Too Much Screen time Raises Risk of Pre-Diabetes in Children

MedicalResearch.com Interview with:

Mélanie Henderson, MD, FRCPC, PhD

Mélanie Henderson

Mélanie Henderson, MD, FRCPC, PhD
Pediatric Endocrinologist and Assistant Clinical Professor
Division of Endocrinology and Diabetes
University of Montreal/Centre Hospitalier Universitaire Ste-Justine
Montréal, Québec

Medical Research: What is the background for this study? What are the main findings?

Dr. Henderson: Dysregulation in insulin sensitivity and insulin secretion are the basic elements in the pathophysiology of type 2 diabetes. There is extensive data suggesting that better lifestyle habits are associated with the prevention or the delay in onset of type 2 diabetes in adults, with improved lifestyle habits having been more effective than pharmacologic agents at diabetes prevention in one study. Little work however has been done to determine whether this holds true in children. Cross-sectional studies in youth have found conflicting results and no study has considered the combined effect of physical activity, fitness and sedentary behavior on insulin dynamics in children.

Understanding the impact of lifestyle habits on insulin dynamics in childhood has become paramount, given that less than 7% of Canadian children are currently meeting physical activity guidelines and that 1/3 of school-aged Canadian children and 2/3 of Canadian teenagers are exceeding the current guidelines in terms of screen time, which advocate for a maximum of 2 hours daily.

Our study shows that adiposity is the central predictor of insulin dynamics in children, and that physical activity and screen time play an important role, in part through their effect on adiposity. Thus, establishing and maintaining a highly physically active lifestyle early on in life, while minimizing sedentary behaviour (specifically screen time) appear to be important strategies to consider to prevent type 2 diabetes in youth.

Medical Research: What should clinicians and patients take away from your report?

Dr. Henderson: I think that our findings suggest that we should promote the adoption of physical activity and reduce screen time early in life, even in pre-pubertal otherwise healthy youth. Physical activity tends to decrease with age: this is well established even across childhood and adolescence. Our findings suggest that we should be encouraging children early on to be physically active, and that we should reduce their screen time, in order to favour a healthy body weight and better cardiometabolic health later on in life. Our findings are the first to confirm that physical activity and screen time have independent effects on insulin dynamics even in pre-puberty, and that these strategies are potentially effective strategies to prevent the development of type 2 diabetes in children.

Medical Research: What recommendations do you have for future research as a result of this study?

Dr. Henderson: Our team will be examining how nutrition influences insulin dynamics across time. More research is needed to understand the different types of screen time (active video games versus television, etc) and how these impact cardiometabolic health. The children from the QUALITY cohort are now 15-17 year of age, and we are in the process of re-assessing their health status.  With this next wave of evaluations, we will be interested in looking at trajectories across childhood and late adolescence of lifestyle habits and how they relate to pre-diabetes and overt type 2 diabetes. Long-term longitudinal studies will provide the important clues to better understand the pathophysiology of type 2 diabetes in childhood, and thus to the development of effective preventive measures. Ultimately, we will need to evaluate the effectiveness of preventive strategies using trials in groups of youth with pre-diabetes and examine how these apply across children of different ethnic groups given the ethnic differences in the prevalence of type 2 diabetes.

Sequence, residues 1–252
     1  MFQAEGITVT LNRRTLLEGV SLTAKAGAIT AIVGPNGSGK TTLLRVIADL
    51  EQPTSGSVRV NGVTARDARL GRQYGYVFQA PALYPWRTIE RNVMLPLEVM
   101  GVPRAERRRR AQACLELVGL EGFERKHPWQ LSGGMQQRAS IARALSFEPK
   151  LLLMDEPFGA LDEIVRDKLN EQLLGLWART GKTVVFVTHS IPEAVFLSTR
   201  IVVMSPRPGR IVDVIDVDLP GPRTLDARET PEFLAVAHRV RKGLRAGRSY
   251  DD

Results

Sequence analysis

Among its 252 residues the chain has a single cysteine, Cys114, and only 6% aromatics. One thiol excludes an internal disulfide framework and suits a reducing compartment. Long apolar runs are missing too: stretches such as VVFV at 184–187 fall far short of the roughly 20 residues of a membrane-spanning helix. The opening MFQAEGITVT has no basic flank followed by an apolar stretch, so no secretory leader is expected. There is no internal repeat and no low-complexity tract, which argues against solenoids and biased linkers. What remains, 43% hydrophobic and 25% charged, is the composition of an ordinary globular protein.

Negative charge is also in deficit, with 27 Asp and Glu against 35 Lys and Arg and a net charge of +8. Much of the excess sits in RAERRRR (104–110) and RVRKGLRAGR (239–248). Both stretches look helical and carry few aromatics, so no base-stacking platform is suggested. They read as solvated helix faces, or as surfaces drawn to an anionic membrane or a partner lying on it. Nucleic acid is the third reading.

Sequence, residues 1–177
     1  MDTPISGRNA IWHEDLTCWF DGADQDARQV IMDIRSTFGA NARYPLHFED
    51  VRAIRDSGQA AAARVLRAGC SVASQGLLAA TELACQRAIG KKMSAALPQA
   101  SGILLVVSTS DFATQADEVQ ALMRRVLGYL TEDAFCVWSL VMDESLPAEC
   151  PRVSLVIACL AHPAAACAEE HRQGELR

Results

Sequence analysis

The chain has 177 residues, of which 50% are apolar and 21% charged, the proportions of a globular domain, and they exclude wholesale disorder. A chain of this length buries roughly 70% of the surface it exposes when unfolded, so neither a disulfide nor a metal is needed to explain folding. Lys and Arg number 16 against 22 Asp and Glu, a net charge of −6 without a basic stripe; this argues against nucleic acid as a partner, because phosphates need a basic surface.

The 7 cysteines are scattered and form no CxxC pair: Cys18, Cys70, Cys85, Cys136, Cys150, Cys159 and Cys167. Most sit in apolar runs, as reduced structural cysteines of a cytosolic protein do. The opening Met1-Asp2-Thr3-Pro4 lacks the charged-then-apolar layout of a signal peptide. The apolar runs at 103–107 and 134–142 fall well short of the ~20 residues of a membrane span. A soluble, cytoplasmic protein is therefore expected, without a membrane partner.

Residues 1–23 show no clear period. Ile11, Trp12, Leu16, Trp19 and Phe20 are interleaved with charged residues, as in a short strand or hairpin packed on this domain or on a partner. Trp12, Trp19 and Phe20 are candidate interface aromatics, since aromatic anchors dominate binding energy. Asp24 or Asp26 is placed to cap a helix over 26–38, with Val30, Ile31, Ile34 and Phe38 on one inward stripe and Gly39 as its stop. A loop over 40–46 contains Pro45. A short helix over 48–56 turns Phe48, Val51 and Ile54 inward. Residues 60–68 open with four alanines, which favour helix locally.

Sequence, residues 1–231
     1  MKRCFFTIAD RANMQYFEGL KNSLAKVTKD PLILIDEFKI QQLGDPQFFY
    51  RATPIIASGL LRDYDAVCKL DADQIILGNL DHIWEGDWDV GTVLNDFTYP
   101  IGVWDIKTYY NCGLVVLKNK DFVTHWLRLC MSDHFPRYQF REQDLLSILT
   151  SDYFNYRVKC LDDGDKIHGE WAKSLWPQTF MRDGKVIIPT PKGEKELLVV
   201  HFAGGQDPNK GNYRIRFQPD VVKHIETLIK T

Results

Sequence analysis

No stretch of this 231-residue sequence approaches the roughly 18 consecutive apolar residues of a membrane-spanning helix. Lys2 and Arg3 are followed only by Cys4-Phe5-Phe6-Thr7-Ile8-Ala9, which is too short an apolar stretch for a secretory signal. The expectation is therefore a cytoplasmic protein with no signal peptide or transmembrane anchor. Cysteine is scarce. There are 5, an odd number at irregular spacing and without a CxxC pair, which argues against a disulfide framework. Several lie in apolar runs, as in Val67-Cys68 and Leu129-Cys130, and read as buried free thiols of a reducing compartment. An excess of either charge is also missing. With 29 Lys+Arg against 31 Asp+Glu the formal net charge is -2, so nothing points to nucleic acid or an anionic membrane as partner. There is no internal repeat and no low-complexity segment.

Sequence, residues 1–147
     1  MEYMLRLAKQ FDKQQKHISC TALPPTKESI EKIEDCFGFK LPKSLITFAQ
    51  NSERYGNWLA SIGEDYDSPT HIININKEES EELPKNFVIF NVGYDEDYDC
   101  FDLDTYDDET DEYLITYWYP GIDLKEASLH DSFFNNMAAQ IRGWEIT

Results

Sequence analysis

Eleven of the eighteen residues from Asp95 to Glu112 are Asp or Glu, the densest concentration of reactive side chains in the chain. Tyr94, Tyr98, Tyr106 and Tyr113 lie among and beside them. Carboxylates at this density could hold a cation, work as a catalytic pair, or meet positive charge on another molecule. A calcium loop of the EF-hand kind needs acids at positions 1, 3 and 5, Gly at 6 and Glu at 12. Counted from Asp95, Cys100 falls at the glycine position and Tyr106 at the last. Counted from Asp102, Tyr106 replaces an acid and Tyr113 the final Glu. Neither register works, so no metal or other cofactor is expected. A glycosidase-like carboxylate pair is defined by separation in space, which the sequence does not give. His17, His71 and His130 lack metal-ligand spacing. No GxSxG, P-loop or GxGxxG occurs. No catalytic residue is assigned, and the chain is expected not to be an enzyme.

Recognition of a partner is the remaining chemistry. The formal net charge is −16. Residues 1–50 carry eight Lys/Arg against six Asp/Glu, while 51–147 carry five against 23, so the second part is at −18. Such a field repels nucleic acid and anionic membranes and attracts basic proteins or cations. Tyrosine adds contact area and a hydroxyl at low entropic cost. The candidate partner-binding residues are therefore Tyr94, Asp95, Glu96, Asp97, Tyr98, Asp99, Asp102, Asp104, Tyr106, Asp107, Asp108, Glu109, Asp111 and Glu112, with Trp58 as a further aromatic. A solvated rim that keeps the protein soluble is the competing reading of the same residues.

Medical Research: Is there anything else you would like to add?

Dr. Henderson: Our findings suggest that we should be encouraging children early on to be physically active, and that we should reduce their screen time, in order to favour a healthy body weight and better cardiometabolic health later on in life. This being said, I do think that it is never too late to start improving our lifestyle habits, and adult data certainly confirm that improving lifestyle habits can reduce or even prevent the transition from pre-diabetes to overt type 2 diabetes, so we should send the message to readers that it is never too late to become physically active and decrease our screen time, but our findings suggest that we would be wise to start in childhood!

Citation:

Henderson M, Benedetti A, Barnett TA, Mathieu M, Deladoëy J, Gray-Donald K. Influence of Adiposity, Physical Activity, Fitness, and Screen Time on Insulin Dynamics Over 2 Years in Children. JAMA Pediatr. Published online February 08, 2016. doi:10.1001/jamapediatrics.2015.3909.

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Mélanie Henderson, MD, FRCPC, PhD (2016). Too Much Screen time Raises Risk of Pre-Diabetes in Children MedicalResearch.com